Fall on Rock, Rappel Failure/Error, Inadequate Equipment, North Carolina, Paint Rock

Publication Year: 2011.


North Carolina, Paint Rock

Paint rock (also known as Graffiti Rock), a popular roadside rappelling and training site in Pisgah National Forest was the scene of a rappelling accident on August 15 involving Jane and John Doe.

John had limited climbing experience through the military; his girlfriend Jane had no climbing experience. The pair had two ropes, one a climbing rope, the other a non-climbing rope purchased from a box store (origin or type unknown). Both ropes were anchored for a rappel.

Both climbers were wearing climbing harnesses. Jane was attached to the box store rope with a prusik loop. The prusik was constructed out of a “shoe lace” looking cord (i.e. not designed for climbing) and attached to her harness with a carabiner. She was not using a belay/rappel device. John was attached to the second rappel rope with the rope running through a carabiner attached to his harness. He had no belay/rappel device.

The couple moved to the edge of the cliff to begin their rappel with their backs to the fall line. Based on an examination of the scene, it appeared that Jane fell first while “rappelling” and landed on a four-foot wide rock shelf approximately 40 feet from the top and 15-20 feet from the ground. John went down to help her and then fell to the ground about 60 feet below.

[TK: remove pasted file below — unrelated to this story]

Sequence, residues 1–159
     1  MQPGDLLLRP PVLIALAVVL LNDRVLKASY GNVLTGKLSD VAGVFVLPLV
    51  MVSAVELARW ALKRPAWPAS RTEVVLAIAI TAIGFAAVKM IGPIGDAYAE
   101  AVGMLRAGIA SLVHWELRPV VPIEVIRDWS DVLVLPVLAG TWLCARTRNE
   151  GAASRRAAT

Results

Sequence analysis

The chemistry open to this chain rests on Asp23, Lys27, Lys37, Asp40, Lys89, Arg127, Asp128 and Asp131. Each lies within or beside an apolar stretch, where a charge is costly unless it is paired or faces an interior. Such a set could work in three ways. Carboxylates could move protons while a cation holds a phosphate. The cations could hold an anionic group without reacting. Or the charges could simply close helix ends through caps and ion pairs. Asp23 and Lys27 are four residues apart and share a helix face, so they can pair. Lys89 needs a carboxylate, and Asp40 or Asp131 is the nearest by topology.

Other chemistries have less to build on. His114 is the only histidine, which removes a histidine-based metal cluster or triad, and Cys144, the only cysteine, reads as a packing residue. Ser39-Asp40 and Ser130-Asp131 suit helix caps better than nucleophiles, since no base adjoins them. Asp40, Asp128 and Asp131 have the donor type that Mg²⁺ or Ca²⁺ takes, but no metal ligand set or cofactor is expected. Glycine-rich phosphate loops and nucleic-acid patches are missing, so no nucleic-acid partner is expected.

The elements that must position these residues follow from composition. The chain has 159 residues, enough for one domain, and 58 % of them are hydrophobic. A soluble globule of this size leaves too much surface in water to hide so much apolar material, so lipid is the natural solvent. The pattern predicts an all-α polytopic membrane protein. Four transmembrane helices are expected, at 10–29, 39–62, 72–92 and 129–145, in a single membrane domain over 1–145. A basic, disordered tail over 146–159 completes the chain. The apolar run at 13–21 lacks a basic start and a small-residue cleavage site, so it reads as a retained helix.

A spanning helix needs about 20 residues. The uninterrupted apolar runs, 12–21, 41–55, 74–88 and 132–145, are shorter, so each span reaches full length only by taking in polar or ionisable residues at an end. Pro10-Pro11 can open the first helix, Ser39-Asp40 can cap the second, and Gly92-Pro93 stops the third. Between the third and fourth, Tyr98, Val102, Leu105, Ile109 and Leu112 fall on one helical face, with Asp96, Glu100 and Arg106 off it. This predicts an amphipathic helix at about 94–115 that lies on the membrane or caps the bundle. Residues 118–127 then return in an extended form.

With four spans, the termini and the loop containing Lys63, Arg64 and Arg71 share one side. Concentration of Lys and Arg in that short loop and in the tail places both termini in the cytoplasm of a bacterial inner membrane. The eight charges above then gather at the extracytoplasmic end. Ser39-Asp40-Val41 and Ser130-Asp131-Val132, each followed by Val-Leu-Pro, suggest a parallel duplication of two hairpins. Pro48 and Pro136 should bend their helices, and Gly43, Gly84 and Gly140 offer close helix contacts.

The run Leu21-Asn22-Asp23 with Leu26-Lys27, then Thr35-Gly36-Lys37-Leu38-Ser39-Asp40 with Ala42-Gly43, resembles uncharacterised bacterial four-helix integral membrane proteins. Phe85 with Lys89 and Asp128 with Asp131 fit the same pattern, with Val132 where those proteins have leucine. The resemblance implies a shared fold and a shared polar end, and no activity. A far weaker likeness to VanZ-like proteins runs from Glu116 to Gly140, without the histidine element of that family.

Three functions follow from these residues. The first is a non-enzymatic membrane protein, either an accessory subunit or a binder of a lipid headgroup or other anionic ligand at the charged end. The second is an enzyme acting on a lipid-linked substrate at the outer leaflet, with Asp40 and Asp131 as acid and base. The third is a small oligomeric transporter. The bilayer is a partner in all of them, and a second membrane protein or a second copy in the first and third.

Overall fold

Both climbers were discovered with burns on their hands. John suffered two leg fractures (one an open fracture) and Jane had a broken wrist and a spinal injury.


This accident speaks for itself. Both individuals had no business attempting to rappel with no knowledge, inadequate equipment, and experience. Upon inspection, Jane’s “prusik” along with the sheath of her rope melted, causing her to lose control. Chances are if she had let go of the prusik sooner it may have prevented her from serious injury. John never had a chance. His burns were a result of his hand being the sole friction device on the rope. He may have forgotten to wrap the spine of his carabiner to create a carabiner wrap (common in military rappelling) in his haste to aid Jane. Rappelling presents a unique set of dangers that aren’t found in other forms of climbing. A functional belay rappel device, a backup system utilizing an autoblock or similar friction knot and the knowledge on how to use it along with the proper equipment may have prevented this unfortunate incident. (Source: K. Delap and A. Attarian)